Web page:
splendid genius, though his vigorous and restless talents often overpower and run away with his genius so that some of his creations are left but half redeemed from Chaos, has this simplicity in abundant measure. In the best poems of his last two works, Men and Women and Dramatis Personæ, its light burns so clear and steadfast through the hurrying clouds of his language (Tennyson's style is the polished reflector of a lamp) that one can only wonder that people in general have not yet recognised it. I cannot recommend a finer study of a man possessed by the spirit of which I am writing than the sketch of Lazarus in Browning's Epistle of Karshish, an Arab Physician.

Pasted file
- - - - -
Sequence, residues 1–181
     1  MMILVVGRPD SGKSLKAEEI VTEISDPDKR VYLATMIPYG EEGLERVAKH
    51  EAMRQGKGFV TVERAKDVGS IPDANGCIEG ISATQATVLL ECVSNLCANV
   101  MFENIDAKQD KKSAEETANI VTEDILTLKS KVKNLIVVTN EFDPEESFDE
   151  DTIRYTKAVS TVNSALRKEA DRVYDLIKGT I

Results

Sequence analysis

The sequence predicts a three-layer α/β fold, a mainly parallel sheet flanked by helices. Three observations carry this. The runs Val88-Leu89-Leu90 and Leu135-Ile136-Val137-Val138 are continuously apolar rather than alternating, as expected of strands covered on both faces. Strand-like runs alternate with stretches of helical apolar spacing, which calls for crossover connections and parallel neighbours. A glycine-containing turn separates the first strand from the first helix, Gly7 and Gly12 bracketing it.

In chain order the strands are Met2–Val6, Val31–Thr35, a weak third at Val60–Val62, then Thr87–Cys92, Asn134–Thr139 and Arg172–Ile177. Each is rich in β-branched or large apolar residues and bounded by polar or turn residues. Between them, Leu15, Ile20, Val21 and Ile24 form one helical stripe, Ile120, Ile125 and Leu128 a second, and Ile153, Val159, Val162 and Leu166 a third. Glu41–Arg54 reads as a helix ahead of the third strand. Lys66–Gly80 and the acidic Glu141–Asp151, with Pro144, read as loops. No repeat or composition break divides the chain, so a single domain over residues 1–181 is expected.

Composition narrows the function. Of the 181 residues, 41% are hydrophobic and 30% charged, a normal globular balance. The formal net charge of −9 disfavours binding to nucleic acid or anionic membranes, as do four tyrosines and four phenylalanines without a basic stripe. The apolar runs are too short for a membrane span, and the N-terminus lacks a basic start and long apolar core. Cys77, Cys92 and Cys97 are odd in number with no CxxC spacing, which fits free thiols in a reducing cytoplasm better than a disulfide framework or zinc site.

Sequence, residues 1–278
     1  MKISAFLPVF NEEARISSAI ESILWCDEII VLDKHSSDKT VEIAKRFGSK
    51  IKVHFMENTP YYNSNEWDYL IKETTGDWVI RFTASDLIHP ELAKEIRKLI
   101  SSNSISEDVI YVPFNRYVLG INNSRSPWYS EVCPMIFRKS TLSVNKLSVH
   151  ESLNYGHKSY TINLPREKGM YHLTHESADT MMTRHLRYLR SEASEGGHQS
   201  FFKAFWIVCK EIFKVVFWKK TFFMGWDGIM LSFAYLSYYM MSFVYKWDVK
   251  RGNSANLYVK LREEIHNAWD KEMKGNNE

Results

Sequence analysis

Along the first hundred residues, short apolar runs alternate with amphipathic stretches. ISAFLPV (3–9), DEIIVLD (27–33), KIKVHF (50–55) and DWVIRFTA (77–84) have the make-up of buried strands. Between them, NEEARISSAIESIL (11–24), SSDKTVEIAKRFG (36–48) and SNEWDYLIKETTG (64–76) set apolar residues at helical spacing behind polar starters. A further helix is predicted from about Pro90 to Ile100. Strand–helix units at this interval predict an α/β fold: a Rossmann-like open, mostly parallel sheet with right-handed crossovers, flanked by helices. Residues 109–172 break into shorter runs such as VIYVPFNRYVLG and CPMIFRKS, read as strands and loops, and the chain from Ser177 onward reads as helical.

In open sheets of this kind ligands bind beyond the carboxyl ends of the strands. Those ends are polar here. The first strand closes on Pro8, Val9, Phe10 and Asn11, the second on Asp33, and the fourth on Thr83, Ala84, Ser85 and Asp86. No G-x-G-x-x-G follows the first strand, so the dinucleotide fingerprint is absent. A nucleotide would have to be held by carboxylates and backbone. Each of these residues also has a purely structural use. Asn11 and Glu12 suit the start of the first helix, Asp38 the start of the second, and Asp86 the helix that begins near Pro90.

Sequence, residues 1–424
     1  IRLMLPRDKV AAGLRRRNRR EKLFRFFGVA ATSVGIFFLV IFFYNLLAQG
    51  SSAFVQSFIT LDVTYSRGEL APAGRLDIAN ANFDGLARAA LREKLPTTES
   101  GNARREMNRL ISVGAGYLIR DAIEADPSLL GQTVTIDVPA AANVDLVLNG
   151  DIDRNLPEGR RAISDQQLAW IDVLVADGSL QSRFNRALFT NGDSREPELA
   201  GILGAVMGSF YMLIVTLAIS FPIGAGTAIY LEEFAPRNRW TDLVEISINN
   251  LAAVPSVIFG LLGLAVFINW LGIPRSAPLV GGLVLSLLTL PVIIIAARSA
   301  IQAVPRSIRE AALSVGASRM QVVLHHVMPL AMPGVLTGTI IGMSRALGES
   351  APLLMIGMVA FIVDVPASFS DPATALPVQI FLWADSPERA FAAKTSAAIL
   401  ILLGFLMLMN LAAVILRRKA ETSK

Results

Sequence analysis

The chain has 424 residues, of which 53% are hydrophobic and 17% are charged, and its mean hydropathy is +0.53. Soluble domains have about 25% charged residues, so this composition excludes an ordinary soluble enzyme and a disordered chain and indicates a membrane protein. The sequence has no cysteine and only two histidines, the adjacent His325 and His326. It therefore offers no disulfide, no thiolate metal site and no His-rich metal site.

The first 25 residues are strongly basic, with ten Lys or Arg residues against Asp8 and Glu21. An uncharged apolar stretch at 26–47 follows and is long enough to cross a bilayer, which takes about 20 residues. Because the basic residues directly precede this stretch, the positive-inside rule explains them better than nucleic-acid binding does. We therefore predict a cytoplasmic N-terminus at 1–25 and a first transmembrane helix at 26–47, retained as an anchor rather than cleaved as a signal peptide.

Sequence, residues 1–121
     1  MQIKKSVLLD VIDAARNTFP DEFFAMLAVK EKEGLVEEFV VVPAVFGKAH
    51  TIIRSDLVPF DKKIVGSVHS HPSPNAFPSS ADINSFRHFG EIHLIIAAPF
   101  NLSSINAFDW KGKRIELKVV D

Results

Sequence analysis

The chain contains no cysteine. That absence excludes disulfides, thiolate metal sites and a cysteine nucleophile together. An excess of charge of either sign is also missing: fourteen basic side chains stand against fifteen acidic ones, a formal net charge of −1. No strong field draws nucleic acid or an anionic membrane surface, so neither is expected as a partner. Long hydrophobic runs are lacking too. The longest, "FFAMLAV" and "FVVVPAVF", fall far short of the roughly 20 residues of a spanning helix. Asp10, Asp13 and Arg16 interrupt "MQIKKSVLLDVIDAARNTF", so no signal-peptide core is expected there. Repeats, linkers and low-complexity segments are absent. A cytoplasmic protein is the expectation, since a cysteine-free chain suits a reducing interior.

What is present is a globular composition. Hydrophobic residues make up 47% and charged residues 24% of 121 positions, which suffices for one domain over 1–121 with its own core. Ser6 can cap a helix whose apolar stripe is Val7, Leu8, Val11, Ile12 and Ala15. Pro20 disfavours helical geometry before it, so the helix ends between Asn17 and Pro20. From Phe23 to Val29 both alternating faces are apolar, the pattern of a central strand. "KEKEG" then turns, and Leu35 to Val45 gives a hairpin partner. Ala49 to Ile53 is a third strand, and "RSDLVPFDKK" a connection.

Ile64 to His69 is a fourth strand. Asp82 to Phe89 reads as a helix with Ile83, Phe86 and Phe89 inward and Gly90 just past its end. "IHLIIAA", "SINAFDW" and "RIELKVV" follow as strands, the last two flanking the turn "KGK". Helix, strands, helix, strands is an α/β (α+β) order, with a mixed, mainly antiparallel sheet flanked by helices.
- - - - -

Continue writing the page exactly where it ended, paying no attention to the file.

Elizabeth Barrett Browning, also, had much of it, yet never succeeded in giving it fair expression. The long study of her sick-bed (and her constant chafing against the common estimate of the talents and genius of her sex) overcharged her works with allusions and thoughts relating to books, and made her style rugged with pedantry. She was often intoxicated, too, with her own vehemence. Aurora Leigh sets out determined to walk the world with the great Shakespearean stride, whence desperate entanglement of feminine draperies and blinding swirls of dust. The sonnets entitled From the Portuguese, reveal better her inmost simple nature.
Emerson stands closest of all in relation to Blake, his verse as well as his essays and lectures being little else than the expression of this mystical simplicity. Were he gifted with the singing voice we should not have to look to the future for its supreme bard. But whenever he has sung a few clear sweet notes, his voice breaks, and he has to recite and speak what he would fain chant.